Mrs. Bishop followed this up with a book for young boys called The Squire and the Scroll. It's an adventure with a knight, a dragon and a kingdom in peril. As it tells the story of a faithful young squire who learns to face the dangers of temptation and "keep his heart pure" it teaches valuable lessons to young men about guarding their eyes and ears from evil.

Last month I got a call from my friends at Family Life Today asking if I'd be willing to narrate The Squire and the Scroll for their radio broadcast. I brought the book home, read it to my family and it passed the kid test. I liked it alot, too. It didn't take that much convincing. I've always dreamed of being voice talent for a Pixar movie or something cool like that (John Lasseter, if you're reading I'm available!) so this was exciting.

Family Life Today broadcast two shows on The Squire and the Scroll on March 9 and 10. You can listen to the shows here. My family thinks my "king voice" is pretty cheesy. And they're right. Oh, well.

And you can order a copy of the book with the audio CD from Family Life here.

Monday, March 06, 2006

Abiding in Jesus

A Meditation on John 15:4-6
Friends sent us flowers when Mary Kate was born. Two weeks later, while our little girl grows and thrives, the once bright floral arrangements are brown and lifeless. For a little while, with their stems submerged in water, they could live. But no matter how beautiful a flower or branch may be, cut from its plant it lives only a short time.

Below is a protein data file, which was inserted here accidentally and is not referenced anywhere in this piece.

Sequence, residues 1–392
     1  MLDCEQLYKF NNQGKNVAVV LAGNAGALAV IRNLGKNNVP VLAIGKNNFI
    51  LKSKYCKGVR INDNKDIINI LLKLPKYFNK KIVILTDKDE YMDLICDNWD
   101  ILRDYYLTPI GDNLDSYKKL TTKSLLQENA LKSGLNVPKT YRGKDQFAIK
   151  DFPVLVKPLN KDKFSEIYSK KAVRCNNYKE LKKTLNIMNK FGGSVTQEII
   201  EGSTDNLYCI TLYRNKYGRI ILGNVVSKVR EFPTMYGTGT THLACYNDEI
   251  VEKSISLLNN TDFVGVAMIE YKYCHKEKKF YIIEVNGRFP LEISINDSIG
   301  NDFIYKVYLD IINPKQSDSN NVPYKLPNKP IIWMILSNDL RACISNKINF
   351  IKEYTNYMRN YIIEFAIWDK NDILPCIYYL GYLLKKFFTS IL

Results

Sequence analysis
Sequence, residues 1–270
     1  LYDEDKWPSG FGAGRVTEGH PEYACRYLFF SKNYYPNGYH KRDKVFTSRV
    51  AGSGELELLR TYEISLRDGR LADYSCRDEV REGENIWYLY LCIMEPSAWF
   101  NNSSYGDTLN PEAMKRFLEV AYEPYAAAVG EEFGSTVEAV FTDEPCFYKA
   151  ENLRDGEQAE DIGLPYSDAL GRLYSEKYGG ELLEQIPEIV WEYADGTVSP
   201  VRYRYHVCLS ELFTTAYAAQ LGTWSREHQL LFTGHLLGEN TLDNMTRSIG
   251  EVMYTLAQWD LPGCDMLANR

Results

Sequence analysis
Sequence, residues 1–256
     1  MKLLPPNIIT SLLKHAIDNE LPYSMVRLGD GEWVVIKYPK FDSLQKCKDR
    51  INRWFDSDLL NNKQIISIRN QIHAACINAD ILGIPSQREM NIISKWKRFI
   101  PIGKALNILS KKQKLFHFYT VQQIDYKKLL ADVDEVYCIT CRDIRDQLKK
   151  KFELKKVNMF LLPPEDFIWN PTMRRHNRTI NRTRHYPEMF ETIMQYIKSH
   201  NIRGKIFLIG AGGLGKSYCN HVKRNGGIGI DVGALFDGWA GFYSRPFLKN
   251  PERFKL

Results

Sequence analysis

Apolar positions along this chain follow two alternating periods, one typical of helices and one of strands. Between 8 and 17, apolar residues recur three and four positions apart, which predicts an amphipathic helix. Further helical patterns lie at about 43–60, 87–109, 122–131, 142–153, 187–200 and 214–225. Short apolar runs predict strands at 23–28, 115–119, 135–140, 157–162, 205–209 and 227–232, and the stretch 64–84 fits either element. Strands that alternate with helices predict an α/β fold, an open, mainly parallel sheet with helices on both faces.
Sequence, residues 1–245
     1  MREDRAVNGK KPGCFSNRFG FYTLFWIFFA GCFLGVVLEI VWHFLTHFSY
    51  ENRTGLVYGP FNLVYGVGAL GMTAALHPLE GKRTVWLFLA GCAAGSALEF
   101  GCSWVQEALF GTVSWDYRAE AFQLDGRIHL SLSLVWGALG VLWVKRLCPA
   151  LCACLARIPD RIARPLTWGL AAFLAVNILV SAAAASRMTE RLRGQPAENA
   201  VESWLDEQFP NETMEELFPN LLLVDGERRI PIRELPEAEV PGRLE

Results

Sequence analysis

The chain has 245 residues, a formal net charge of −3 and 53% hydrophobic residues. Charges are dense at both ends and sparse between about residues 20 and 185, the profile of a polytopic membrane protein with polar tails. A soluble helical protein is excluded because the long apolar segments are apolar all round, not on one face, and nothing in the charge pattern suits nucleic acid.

Jesus used the analogy of plants to help us understand spiritual life. Today in my devotions I read John 15:1-8. In this passage Jesus describes himself as the “true vine”— the source of life and sustenance for those who believe in Him. He explaines that to benefit from his life we must keep this vital connection to him. John 15:4-6 says,

“Abide in me, and I in you. As the branch cannot bear fruit by itself, unless it abides in the vine, neither can you, unless you abide in me. I am the vine; you are the branches. Whoever abides in me and I in him, he it is that bears much fruit, for apart from me you can do nothing. If anyone does not abide in me he is thrown away like a branch and withers; and the branches are gathered, thrown into the fire, and burned.” (ESV)

To "abide" is to stay with or to continue on with something. The NIV uses the word “remain.” A branch that is connected to a life-giving vine is abiding. It’s staying put—it is in union with the vine, and thus sustained by it.

To have true spiritual life, Christians must maintain constant union with Jesus. We must abide in him. We do this by reading his word, communing with him in prayer, and pursuing fellowship and worship centered on Christ with other saints.

Abiding doesn't come naturally to me. As I read this passage I was struck by how often I try to accomplish and achieve without abiding in Christ. I attempt to grow, to parent, to be a husband, to preach or lead, apart from the constant discipline of abiding in Jesus. It doesn’t work. Actually, it works for a while. But then it withers. Like a vase of cut flowers, self-sustaining effort can be beautiful, even impressive. But it never lasts. Without vital connection to and reliance on the Savior our best efforts die.

What is the opposite of abiding? I guess it’s moving on. Not remaining, pulling up the stakes and heading out. So often, my inclination is toward independence and self-sufficiency. This is never in the form of outright rejection. It is subtle. It’s self-confidence. It’s believing that I know how to handle what’s coming next.